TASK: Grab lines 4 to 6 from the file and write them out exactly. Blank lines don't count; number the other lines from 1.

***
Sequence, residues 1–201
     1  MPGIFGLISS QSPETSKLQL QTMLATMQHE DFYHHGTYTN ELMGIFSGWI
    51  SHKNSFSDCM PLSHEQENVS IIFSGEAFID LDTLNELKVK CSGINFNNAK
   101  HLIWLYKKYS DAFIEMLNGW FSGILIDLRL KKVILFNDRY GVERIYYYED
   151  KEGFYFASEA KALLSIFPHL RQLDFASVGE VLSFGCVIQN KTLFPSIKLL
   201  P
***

   101  HLIWLYKKYS DAFIEMLNGW FSGILIDLRL KKVILFNDRY GVERIYYYED
   151  KEGFYFASEA KALLSIFPHL RQLDFASVGE VLSFGCVIQN KTLFPSIKLL
   201  P